With the start of summer upon us, we appear to have a good nut set on our trees. The insect pressure in our orchard, which is always one of the big threats to reduce the crop, is very low at this time.

The first image below shows one of the larger clusters that we have in our orchard, with a total of six nuts. Most of our clusters have two or three nuts. If all of the clusters had five or six nuts, we would have to mechanically reduce the nut load in July by shaking each heavily loaded tree. These nuts are free from insect damage, and the green shuck, the outer covering of the nut, is developing normally.

The trees in the second image have healthy leaf set, which is critical for normal nut development. We don't use synthetic chemical fertilizer in our orchard; we use cow manure, and various ground-up rock products to provide potassium and phosphate. In normal fertilizer, the phosphate is water soluble, and much of it washes away with the rain to pollute local waterways. Rock based phosphate releases slowly over a long time period, reducing the amount that leaves the orchard with either rain or irrigation run-off.

The third close-up shot shows a nut cluster forming at almost every terminal branch, indicating that this tree is loaded with pecans. One of the greatest challenges for all pecan growers is the mystery of alternate bearing, whereby trees alternate a heavy crop one year with a light or non-existent crop the following year.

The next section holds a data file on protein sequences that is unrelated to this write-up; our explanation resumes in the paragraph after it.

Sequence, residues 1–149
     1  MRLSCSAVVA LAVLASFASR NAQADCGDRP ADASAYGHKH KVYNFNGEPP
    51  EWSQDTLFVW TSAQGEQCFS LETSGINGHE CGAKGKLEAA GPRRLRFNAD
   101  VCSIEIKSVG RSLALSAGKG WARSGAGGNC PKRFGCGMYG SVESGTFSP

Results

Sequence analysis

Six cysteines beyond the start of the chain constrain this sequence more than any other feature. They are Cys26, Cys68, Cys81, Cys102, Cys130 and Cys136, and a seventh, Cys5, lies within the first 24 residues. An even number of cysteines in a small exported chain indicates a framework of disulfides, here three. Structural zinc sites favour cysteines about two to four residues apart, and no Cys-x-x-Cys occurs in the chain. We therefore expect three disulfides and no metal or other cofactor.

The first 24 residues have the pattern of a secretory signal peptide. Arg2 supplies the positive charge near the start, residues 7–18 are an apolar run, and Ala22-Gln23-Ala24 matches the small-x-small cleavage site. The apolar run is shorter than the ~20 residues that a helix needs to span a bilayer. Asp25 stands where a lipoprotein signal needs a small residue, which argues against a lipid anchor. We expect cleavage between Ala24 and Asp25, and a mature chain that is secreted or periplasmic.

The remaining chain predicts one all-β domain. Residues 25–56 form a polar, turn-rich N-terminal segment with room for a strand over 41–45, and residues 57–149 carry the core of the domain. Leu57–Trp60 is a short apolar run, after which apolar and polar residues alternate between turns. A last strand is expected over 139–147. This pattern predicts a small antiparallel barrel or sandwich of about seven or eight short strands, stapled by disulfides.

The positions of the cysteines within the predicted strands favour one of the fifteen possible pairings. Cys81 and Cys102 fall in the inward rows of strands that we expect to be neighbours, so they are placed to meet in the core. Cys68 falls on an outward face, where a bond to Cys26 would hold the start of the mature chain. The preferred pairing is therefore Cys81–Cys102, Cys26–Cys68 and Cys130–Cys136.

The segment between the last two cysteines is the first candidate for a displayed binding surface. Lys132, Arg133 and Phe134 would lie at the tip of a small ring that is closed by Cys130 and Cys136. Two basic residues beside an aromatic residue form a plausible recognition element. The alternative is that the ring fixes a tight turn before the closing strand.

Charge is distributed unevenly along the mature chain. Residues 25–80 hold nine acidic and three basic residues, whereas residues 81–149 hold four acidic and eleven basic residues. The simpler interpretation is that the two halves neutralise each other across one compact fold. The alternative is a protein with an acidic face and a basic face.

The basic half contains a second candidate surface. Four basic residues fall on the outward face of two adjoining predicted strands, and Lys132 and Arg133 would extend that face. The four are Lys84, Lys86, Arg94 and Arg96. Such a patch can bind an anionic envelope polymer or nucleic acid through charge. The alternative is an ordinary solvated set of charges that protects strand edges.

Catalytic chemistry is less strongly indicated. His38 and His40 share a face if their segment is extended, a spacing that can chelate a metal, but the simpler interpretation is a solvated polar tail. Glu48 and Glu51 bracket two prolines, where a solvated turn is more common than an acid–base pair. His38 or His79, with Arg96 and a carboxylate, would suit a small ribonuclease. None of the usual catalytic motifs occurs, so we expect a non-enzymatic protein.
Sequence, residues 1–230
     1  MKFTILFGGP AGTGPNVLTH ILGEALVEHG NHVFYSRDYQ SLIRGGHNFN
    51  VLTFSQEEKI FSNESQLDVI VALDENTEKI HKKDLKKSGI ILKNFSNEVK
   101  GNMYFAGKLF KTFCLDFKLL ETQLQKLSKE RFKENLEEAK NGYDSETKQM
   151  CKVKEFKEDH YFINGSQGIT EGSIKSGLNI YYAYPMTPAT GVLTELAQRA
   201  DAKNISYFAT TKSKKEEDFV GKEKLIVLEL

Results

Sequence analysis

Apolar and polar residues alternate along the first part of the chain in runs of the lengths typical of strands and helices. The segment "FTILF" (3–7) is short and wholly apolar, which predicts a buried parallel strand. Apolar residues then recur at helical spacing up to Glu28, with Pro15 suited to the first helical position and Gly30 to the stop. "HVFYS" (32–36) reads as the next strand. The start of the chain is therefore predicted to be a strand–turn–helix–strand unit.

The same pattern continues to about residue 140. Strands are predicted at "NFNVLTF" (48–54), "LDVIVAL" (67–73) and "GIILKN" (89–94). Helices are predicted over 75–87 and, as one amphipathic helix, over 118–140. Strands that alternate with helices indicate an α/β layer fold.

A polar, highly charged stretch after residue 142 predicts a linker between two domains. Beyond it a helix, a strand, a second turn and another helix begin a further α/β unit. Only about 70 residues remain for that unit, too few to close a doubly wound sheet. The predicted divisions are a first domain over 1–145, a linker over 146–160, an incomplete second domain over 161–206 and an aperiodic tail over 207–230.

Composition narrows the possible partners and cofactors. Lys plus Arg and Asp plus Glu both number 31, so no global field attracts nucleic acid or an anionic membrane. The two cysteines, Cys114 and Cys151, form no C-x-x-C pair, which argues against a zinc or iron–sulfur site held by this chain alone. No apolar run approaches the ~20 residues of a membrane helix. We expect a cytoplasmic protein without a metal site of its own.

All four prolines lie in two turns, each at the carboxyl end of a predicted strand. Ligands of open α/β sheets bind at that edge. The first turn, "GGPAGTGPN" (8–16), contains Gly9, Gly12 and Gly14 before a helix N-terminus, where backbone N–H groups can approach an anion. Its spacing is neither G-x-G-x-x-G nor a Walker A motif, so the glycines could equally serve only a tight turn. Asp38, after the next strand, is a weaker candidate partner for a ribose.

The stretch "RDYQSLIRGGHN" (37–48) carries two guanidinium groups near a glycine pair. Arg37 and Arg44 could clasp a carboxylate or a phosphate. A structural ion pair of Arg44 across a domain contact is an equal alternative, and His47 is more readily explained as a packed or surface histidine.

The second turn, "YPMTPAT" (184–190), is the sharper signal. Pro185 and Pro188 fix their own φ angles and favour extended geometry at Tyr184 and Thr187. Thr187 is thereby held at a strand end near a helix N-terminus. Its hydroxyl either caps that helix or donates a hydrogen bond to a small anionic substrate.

The following picture shows a limb so loaded with nuts that it is already sagging towards the ground. In pecan orchards, limbs often get so heavy with developing nuts that they actually break off from the tree late in the season!

Work is currently underway to get the orchard floor smooth for the fall harvest. In conventional orchards, vegetation is controlled by spraying glyphosate, which insantly kills many grasses and broadleaf species. The effect of glyphosate on the bacteria and microbial life in the soil is unknown. In organic farming, having a healthy, balanced soil is our number one priority.


Early pecan growth.
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Our trees have already set their nuts; here's a detailed look at the process...

The first image shows a healthy spike with six nutlets (five visible and one partially obscured). All pecan nuts form on the terminal end of a branch; we like to see three or four nuts per spike. Six nutlets may be an early indication that this tree will have too large of a nut load.

It is important to note that there is no insect damage on these nuts. The first insect to attack our trees is the pecan nut casebearer; this worm eats its way into the young nutlet, and causes the tree to abort the nut.

At this time, May 9, 2005, all of the trees are fully leafed out. We hope to see eight to ten inches of new growth on each branch over the growing season. We have an extensive fertility program to improve the quality of our soil. This year, we spread about six tons of cow manure per acre. We also incorporated two rock substances that were mined; a phosphate and a humic acid.